Meanwhile, Moshinskie continued to add on to Tiny Town. Many of the scenes in Tiny Town are places he liked to visit with his family. Niagara Falls, Cape Hatteras, Mount Rushmore. It continued to grow as a reflection of the person creating it. Moshinskie even created the house where he made Tiny Town, along with miniature versions of him and his wife. 


Frank Moshinskie died in 1998, and Tiny Town has not grown since then. Repairs have been made, and maintenance has been done, but no new developments. Its hours of operation seem erratic, or at least unknown to me.

After our DinoTrek, we decided to pick up a pizza downtown and find somewhere to eat outside. While I was driving, I was reminded of a variant game of yoostabeah I played in Hot Springs while I was growing up in the ’90s: “sposetabeah.” 

As in, this town was sposetabeah another Branson, Missouri. That aging hotel was sposetabeah bought by someone who was going to renovate it. These unused bath houses were sposetabeah saved and preserved. None of those things were happening. Spostabeah dominated. The family-friendly resort angle hadn’t brought in enough to keep Hot Springs from inevitable decay, let alone power an economic engine that was overbuilt for our current situation.

We picked up our pizza and made our way to Whittington Park, which happens to be across the street from the Tiny Town building. As we ate, someone left the building. Someone came into the building. It became apparent that Tiny Town was open, and this was my chance to finally see it again as an adult.

As you enter Tiny Town, you are greeted by Frank’s son Charles, who now leads the tour. Charles is a very kind and experienced tour guide, and seems incredibly proud of the very large and meticulously designed miniature city his dad created. Just past the doors, you walk into a cinder block room containing an enormous miniature world, Tiny Town.

Charles leads us around the periphery of the room, pointing out highlights. He’s not immune to yoostabeah, as he tells us the grass yoostabeah sawdust, some of the miniatures yoostabeah cans of tuna, and in fact everything on this table was built with spare and discarded parts. 

My son is enthralled by it all. There are buttons all around the edge of Tiny Town, and visitors are encouraged to press them to control the miniatures. Several buttons move people, objects or trains, and others play music. He walks to each button and presses and waits and watches. There are no dinosaurs in Tiny Town, no problems with scale, and no mass extinction event. I wonder if there’s any possible way he’ll have some hazy memory of this place in the future.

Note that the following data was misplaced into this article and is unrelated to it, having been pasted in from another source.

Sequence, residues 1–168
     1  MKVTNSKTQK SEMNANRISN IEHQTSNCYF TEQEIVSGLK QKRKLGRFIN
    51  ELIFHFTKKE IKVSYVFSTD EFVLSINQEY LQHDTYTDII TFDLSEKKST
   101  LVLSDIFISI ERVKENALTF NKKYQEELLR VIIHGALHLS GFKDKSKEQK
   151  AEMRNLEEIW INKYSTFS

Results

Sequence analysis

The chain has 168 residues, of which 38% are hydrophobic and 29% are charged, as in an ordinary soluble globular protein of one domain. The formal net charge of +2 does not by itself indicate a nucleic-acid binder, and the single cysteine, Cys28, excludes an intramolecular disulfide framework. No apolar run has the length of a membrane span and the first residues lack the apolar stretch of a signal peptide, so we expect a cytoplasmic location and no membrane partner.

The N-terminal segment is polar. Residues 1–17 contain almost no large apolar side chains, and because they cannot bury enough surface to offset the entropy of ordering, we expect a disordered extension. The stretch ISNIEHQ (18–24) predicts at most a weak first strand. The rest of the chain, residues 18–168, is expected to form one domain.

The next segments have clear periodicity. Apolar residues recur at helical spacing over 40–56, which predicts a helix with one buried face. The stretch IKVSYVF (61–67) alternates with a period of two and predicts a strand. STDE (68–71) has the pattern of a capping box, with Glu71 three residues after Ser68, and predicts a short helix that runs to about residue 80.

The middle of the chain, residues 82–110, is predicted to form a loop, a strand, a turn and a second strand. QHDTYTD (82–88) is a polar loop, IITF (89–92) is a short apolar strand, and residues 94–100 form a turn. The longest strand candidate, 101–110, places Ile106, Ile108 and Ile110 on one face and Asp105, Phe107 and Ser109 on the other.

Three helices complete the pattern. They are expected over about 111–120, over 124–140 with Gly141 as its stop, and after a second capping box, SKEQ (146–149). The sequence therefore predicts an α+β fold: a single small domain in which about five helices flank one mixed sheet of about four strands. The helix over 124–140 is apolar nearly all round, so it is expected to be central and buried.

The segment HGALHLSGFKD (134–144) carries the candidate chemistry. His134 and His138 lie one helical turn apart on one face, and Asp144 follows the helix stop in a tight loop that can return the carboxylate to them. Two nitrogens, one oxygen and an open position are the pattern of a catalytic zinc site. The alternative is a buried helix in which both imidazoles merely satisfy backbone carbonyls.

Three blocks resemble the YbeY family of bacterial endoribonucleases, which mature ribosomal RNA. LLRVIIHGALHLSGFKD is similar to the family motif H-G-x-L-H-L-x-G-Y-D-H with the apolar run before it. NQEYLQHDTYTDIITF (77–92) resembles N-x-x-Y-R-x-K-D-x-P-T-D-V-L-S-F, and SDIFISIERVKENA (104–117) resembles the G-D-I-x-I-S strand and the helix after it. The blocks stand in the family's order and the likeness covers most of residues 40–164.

Being back in this room, my memories come back. Memories of when I first visited as an 8-year-old in 1992. Frank Moshinskie led the tour. He seemed proud of his creation, but also very pleased at our reactions to it. We all enjoyed hitting the buttons and seeing the small pieces come in and out of view. I also very much remember him pointing out to us that some of the people in Tiny Town were based on actual celebrities: Elvis, Mr. T,  Fonzie, and Sonny and Cher. I knew Fonzie from reruns, but I felt like his placement here was a little out of touch and I wondered if any of my classmates even knew who Fonzie was. 

I didn’t realize that my understanding of Fonzie didn’t matter, as each part of Tiny Town was frozen in time, free from existential yoostabeahs and suppostabeahs. Tiny Town is now all that it is, was and ever will be. 

Reconciling, confronting and reevaluating your memories of a place growing up can be a very positive action. I’ve always felt a need to figure out Hot Springs as a way of figuring out who I am and how growing up here affected me.

Matthew Rowe

I’m glad I get to revisit Hot Springs again and again as a tourist. It seems like its most recent pivot is to just lean into the things that are good about it. The natural beauty of mountains and lakes. The uniqueness of the horse track. The National Park. Yoostabeah and sposetabeah aren’t things I think about as burdens when I visit here, just points along the way.

I’m also incredibly glad I got to revisit Tiny Town and my memories of it. Most returns to a place one remembers from childhood will reveal a place that seems smaller, less impressive. Tiny Town was not that. It seemed bigger to me. More impressive. Much weirder. More of a labor of love, an obsession and exhibition of a creator’s vision. Not a bad way to earn a buck in a tourist town.

Tiny Town is open Mon.-Sat. (March-October) 10 a.m.-3 p.m. November through February, it is open depending upon how the weather is at that moment. tinytowntrains.com

DinoTrek at Mid-America Science Museum is open Thu.-Sat. 9 a.m.-5 p.m., and Sun. 1 p.m.-5 p.m. midamericamuseum.org.